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Mom pens heartfelt letter on disability awareness to parents as her blind son starts middle school

The mom-of-three penned a sweet, open letter to parents ahead of her blind son Ashton's entry into middle school.

Mom pens heartfelt letter on disability awareness to parents as her blind son starts middle school
Cover Image Source: Instagram | @ourblindside

The first days of school are hard for any student but it can be particularly daunting for children with disabilities. A mom of a blind boy decided to write an open letter to parents ahead of her son Ashton's entry into middle school. Ashton was born with septo-optic dysplasia and is living without sight. Hilda Dunford who is mom to Ashton as well as two other children penned a sweet, thoughtful note to parents about her blind son to educate them about how they can speak to their kids to ensure that they in turn accept and include differently-abled peers.


 
 
 
 
 
View this post on Instagram
 
 
 
 
 
 
 
 
 
 
 

A post shared by Hilda Dunford (@ourblindside)


 

Sharing a video of her middle schooler confidently walking the hallways of his new school with his cane, she wrote on Instagram, "Talk to your kids about students like my son who need a white cane to get around each class. Talk to your kids about students who may look or act different than the rest of the kids in middle school." Dunford reminds other parents to make sure their kids treat others with kindness and respect.


 
 
 
 
 
View this post on Instagram
 
 
 
 
 
 
 
 
 
 
 

A post shared by Hilda Dunford (@ourblindside)


 

"Teach them not only to be kind but also look past differences this year and make a new friend like my son," she added. The mom acknowledges that middle school is a hard transition but all she wants for her boy "is to feel included and to know he belongs with his peers and the rest of the students in the school." She recalled how difficult it was for her child being the only blind student in elementary school "and I know it’s going to be even harder in middle school for my son. So please talk to your kids and tell them about children with disabilities this year. Tell them about my son who practiced walking around the school all summer just to prepare for his first day."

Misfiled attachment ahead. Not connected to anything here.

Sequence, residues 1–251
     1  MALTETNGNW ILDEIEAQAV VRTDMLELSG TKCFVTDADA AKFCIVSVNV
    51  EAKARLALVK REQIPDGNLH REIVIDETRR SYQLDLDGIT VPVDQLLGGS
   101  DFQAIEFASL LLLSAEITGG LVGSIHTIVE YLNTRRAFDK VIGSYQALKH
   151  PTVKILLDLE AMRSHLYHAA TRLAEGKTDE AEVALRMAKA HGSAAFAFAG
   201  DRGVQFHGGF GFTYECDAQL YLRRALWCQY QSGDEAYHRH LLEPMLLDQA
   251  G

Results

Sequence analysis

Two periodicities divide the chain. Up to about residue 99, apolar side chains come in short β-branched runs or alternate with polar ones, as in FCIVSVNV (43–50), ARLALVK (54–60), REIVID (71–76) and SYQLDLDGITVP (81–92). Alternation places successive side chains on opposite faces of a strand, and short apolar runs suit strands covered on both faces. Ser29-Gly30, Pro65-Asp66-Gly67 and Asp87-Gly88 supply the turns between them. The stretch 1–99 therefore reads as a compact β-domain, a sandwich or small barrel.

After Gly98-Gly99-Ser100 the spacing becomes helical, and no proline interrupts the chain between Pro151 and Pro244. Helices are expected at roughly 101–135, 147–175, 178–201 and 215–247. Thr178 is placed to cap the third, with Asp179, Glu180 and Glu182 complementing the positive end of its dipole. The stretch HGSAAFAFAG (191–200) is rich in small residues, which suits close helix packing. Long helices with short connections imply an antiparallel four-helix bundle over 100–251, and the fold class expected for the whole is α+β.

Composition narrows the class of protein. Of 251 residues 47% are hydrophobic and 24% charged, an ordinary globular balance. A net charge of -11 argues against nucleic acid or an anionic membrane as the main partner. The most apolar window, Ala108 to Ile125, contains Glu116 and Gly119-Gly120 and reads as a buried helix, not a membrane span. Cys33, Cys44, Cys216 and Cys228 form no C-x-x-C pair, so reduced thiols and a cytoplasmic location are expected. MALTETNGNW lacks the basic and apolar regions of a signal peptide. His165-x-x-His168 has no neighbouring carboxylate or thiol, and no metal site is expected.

View this post on Instagram
 
 
 
 
 
 
 
 
 
 
 

A post shared by Hilda Dunford (@ourblindside)


 

All Dunford wants is for her son to be happy and meet people who will appreciate him for who he is. "I hope Ashton will come back home smiling and excited after his first day of middle school because he made a friend. Inclusion starts at home and parents should talk to their kids about these things before sending them to school every year. It will make a difference for my son if you have these kinds of talks with your kids," she explained.

Fellow parents of children with disabilities shared their own stories and offered other tips in the comments section. @lauraklein920 wrote, "My son is special needs and in a special needs classroom. One of his classmates is blind and he helps her all the time. No one even told him to help her or said she needed help, he just does it. I will always teach my baby to love your baby and help anyone who needs it."


 
 
 
 
 
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A post shared by Hilda Dunford (@ourblindside)


 

@nicktheg33k added, "Great tips. I think I’d add that if they want to help, to offer but respect the answer. Never take someone by the hand without permission. Usually, it’s less offensive when offering to let them take your elbow or forearm. Similarly when a student (or anyone) is a wheelchair user, never grab the chair and start pushing without permission. That would be like picking another person up and carrying them. It’s frustrating and humiliating. Wanting to help is great but talk to disabled people to see if they need help and what the best way to help them personally in that moment is." Ashton's story is a reminder that inclusivity among students is not just about the students but it's also important to have parents be part of the discussion.


 
 
 
 
 
View this post on Instagram
 
 
 
 
 
 
 
 
 
 
 

A post shared by Hilda Dunford (@ourblindside)


 

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